Remember not too long ago, when the Atkins and South Beach Diet were supposed to revolutionize weight-loss? The diets were not shams, but the way they were thought of sometimes made it seem so. People assumed that the new best way to lose weight was to simply eliminate carbohydrates from their diet, when the truth was that both of those diets helped restructure how we ate carbs. Carbohydrates are what give us energy; how could we make it through a day by eliminating them?

Now people are wondering whether low carb diets can help with something other than weight loss: GERD. GERD is short for gastroesophageal reflux disease, and its most prevalent symptom is heartburn. Nearly everyone experiences some sort of heartburn every so often,[1] but when you get it a few times per week consistently for 3 months, you need to visit your doctor because you probably have GERD.[2]

Serious GERD is treated in a number of ways, some of which include surgery. But because GERD is painful (think: a burning sensation behind the breastbone), people use various tactics to manage the symptoms. They include over-the-counter medications of varying strengths and lifestyle change, like dieting, weight loss, stress reduction, and sleeping habits.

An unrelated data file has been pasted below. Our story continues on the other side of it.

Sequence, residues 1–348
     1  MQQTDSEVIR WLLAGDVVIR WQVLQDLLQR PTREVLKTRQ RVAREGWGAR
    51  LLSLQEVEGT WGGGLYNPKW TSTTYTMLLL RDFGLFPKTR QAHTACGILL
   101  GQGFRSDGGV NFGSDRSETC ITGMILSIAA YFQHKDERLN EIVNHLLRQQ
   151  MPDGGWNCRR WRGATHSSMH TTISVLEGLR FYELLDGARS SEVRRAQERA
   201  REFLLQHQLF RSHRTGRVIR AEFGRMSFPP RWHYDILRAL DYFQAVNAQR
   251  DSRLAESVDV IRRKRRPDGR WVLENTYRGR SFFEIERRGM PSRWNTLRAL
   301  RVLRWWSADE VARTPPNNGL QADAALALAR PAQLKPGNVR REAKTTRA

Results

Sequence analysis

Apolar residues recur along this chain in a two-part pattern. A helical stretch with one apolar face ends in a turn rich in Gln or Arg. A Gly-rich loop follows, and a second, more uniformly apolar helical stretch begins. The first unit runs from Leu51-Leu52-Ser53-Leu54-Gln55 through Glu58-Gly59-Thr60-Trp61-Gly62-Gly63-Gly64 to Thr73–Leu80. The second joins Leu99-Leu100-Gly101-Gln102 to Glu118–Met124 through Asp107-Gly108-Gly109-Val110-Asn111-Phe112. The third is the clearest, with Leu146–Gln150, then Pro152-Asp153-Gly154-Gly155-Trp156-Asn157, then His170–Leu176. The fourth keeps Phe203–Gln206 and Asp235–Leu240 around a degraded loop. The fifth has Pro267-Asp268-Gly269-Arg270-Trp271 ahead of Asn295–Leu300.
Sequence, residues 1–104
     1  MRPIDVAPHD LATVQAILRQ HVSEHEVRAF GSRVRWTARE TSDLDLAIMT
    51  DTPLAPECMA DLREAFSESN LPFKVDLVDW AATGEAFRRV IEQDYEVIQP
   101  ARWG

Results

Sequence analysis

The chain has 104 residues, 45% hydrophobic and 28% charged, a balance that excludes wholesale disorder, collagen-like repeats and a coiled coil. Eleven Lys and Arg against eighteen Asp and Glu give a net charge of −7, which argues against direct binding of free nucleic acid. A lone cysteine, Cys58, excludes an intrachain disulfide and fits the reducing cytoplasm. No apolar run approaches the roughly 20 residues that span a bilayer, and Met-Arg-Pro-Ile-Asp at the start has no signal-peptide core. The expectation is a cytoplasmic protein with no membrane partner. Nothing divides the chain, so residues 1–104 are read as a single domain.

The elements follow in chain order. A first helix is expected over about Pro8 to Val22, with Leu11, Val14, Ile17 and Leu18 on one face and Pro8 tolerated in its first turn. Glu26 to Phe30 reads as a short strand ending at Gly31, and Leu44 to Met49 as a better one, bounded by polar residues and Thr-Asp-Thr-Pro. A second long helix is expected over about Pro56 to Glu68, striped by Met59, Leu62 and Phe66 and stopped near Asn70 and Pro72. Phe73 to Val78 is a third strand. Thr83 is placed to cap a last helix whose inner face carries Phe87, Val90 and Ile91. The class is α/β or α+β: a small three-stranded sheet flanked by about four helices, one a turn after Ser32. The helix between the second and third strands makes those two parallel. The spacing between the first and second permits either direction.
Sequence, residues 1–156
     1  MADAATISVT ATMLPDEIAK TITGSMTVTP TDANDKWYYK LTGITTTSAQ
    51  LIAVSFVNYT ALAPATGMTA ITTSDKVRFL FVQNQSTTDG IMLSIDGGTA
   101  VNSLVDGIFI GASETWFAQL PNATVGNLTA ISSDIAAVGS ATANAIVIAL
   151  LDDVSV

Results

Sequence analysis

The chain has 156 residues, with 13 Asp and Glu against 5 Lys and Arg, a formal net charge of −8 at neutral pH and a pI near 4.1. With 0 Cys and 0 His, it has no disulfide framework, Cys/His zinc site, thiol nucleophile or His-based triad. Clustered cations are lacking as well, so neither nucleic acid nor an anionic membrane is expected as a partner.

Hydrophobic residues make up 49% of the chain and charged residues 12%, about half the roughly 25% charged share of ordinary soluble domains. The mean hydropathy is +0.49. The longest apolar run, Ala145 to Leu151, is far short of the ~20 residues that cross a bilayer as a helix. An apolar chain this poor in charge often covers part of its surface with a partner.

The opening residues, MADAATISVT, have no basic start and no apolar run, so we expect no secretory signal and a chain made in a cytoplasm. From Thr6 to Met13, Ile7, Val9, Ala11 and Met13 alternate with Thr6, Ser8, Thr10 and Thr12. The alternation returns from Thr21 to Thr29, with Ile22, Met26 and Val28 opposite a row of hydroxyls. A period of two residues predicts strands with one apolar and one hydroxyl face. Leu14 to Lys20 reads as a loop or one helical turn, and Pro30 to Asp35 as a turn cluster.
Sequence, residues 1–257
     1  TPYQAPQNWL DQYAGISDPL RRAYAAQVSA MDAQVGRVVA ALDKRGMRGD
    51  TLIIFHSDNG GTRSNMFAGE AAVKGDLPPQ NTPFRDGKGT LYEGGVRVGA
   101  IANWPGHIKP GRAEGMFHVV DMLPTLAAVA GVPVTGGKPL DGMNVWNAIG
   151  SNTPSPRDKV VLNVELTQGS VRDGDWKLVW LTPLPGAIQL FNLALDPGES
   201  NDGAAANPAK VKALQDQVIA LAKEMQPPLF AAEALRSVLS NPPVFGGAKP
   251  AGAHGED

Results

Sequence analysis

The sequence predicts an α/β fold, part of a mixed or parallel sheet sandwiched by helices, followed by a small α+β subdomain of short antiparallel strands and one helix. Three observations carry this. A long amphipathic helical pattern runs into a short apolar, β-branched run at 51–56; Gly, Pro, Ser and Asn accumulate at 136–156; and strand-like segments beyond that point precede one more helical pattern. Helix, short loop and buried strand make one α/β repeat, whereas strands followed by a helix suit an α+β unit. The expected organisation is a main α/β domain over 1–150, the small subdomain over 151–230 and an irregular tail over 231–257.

Experts agree that diets to relieve GERD should focus on cutting back on these foods and drinks:

  • Chocolates
  • Peppermints
  • Alcohols
  • Caffeine
  • Citruses
  • Tomato-based
  • High fat and/or fried

The idea of limiting carbs  has gained backing and inspired somewhat of a cult following among GERD sufferers. In Dr. Norm Robillard, a microbiologist and GERD sufferer, wrote the book Heartburn Cured, in which he explains how a low carb diet helps fix GERD.[3] It caught the attention of Dr. Michael R. Eades, the best-selling author of Protein Power, who in a 2005 blog post wrote that he "100% buys into" Dr. Robillard's theory.

Elsewhere others have posted that cutting carbs helped them lower their waistline, which in turn helped them fit into smaller jeans and reduce acid reflux. Tongue-in-cheek as this may sound, it gets at an interesting idea regarding GERD and low carb diets-that many of the traditional ways of alleviating GERD involve scaling back (or switching to healthier) carbohydrates: eating more whole grains, taking in less acidic juices, cutting back on alcohol and caffeine, and cutting out fatty foods.

Still, though, there has been no definitive scientific conclusion on the topic. So if you're thinking that a low carb diet will result in lessened GERD symptoms, it's best to visit your doctor for a professional opinion. He or she will help determine what is the best course of action for you.